Would a vote to ratify an adopted motion at the previous meeting be in order?

Perhaps, but in this case, there is some doubt that the previous "meeting" was, in fact, a meeting.

Edited by Gary Novosielski

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16 hours ago, Gary Novosielski said:

Perhaps, but in this case, there is some doubt that the previous "meeting" was, in fact, a meeting

The prior meeting was a regular monthly meeting and complied with all requirements.

19 hours ago, Joshua Katz said:

1. Notice was required: if notice is given at the prior meeting, it must be the precise wording. If it was, you have no problem. If it wasn't, then notice was improper and a point of order may be raised

This was a bylaw amendment. The verbal notice did include the precise wording of the proposed amendment.

On 1/12/2019 at 7:19 AM, Richard Brown said:

Edited to add: I agree with Doctor Stackpole's answer above. If your bylaws require written notice, such as for a proposed bylaw Amendment, then giving verbal notice at the previous meeting would not be sufficient

This is on the order of business for the next meeting.  If no point of order is raised, and the motion is adopted, what possible difficulties could arise?

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Anyone (presumably someone who didn't like the amendment) could raise a point of order at any later time that absentee rights -- i.e., their right to get written notice of bylaw amendments -- were violated and hence the motion was improper, null, and void.  See page 251, paragraph e).  This is a "continuing breach" so there is no requirement that the point of order be timely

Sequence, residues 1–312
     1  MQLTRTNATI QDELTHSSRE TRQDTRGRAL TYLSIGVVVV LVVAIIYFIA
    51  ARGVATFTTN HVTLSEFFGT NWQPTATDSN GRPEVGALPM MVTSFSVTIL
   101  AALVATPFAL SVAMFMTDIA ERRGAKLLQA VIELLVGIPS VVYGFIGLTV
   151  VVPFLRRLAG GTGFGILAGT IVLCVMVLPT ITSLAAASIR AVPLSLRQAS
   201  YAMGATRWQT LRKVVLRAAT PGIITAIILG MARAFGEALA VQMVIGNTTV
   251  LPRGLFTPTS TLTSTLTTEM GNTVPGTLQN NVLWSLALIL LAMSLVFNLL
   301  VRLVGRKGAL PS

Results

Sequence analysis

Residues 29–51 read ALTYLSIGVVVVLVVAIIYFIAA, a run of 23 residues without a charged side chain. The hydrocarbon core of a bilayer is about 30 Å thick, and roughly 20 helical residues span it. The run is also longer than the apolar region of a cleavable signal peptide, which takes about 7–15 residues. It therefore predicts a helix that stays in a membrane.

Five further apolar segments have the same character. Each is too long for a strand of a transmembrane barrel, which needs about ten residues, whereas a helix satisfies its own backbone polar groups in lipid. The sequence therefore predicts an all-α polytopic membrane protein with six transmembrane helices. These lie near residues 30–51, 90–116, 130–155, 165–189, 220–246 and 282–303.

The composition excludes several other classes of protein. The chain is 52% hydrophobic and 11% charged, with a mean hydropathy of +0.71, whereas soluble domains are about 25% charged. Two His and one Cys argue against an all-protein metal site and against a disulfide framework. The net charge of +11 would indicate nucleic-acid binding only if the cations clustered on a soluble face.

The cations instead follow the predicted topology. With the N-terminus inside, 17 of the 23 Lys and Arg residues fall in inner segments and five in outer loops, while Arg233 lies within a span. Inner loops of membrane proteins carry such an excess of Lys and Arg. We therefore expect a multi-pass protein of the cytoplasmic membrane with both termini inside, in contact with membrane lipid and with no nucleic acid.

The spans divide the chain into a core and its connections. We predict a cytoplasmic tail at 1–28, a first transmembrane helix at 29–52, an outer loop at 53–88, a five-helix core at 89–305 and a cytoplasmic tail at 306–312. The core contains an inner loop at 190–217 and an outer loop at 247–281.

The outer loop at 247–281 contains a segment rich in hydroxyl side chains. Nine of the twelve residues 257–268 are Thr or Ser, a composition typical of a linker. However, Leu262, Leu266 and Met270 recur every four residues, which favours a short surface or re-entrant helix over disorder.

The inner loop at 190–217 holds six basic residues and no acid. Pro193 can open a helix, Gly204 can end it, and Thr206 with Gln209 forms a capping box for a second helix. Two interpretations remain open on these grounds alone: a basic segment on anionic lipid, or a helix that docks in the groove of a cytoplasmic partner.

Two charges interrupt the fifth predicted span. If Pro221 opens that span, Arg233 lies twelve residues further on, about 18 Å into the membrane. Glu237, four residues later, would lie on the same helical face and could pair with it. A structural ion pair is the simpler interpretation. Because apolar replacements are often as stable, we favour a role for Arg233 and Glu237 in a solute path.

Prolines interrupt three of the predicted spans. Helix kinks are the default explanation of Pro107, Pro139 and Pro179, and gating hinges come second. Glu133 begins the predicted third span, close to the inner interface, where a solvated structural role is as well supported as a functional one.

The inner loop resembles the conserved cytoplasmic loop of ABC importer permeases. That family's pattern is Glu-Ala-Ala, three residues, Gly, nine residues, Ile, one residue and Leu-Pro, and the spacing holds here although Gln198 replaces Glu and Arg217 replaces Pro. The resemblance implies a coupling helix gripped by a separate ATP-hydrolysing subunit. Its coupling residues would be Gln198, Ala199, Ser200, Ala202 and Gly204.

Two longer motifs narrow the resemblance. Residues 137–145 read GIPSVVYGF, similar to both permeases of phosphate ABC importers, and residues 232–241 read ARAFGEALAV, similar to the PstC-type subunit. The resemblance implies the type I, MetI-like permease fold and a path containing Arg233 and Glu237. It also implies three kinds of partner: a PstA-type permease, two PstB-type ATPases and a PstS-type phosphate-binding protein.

Why take the chance?  Just do it right.

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17 hours ago, Gary Novosielski said:

Perhaps, but in this case, there is some doubt that the previous "meeting" was, in fact, a meeting.

 

1 hour ago, Byron Baxter said:

 

The prior meeting was a regular monthly meeting and complied with all requirements.

 

Mr. Baxter, in order to avoid this sort of confusion in the future, please note that you should ask your own questions by starting your own topic, and not by tacking them on to someone else's thread.   

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39 minutes ago, Daniel H. Honemann said:

Mr. Baxter, in order to avoid this sort of confusion in the future, please note that you should ask your own questions by starting your own topic, and not by tacking them on to someone else's thread.  

I apologize and in the future will start a new thread.

Thanks to all for the guidance.

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8 hours ago, jstackpo said:

Anyone (presumably someone who didn't like the amendment) could raise a point of order at any later time that absentee rights -- i.e., their right to get written notice of bylaw amendments -- were violated and hence the motion was improper, null, and void.  See page 251, paragraph e).  This is a "continuing breach" so there is no requirement that the point of order be timely

Why take the chance?  Just do it right.

A minor quibble:  Points of order must always be timely, but in the case of a continuing breach, the parameters of what is and is not timely are extended.

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9 minutes ago, Gary Novosielski said:

extended

How far?  

Granted, the breach would end when the (I am assuming) improper amendment was nullified (or whatever other continuing breach was closed and the problem resolved), but that could be a looong time in the future.  "It is never too late", page 251.  No statute of limitations there.

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6 minutes ago, jstackpo said:

How far?  

Granted, the breach would end when the (I am assuming) improper amendment was nullified (or whatever other continuing breach was closed and the problem resolved), but that could be a looong time in the future.  "It is never too late", page 251.  No statute of limitations there.

2

...extended indefinitely--so that it would remain timely for what is admittedly a looong time.  Or until the breach was otherwise resolved or rendered moot.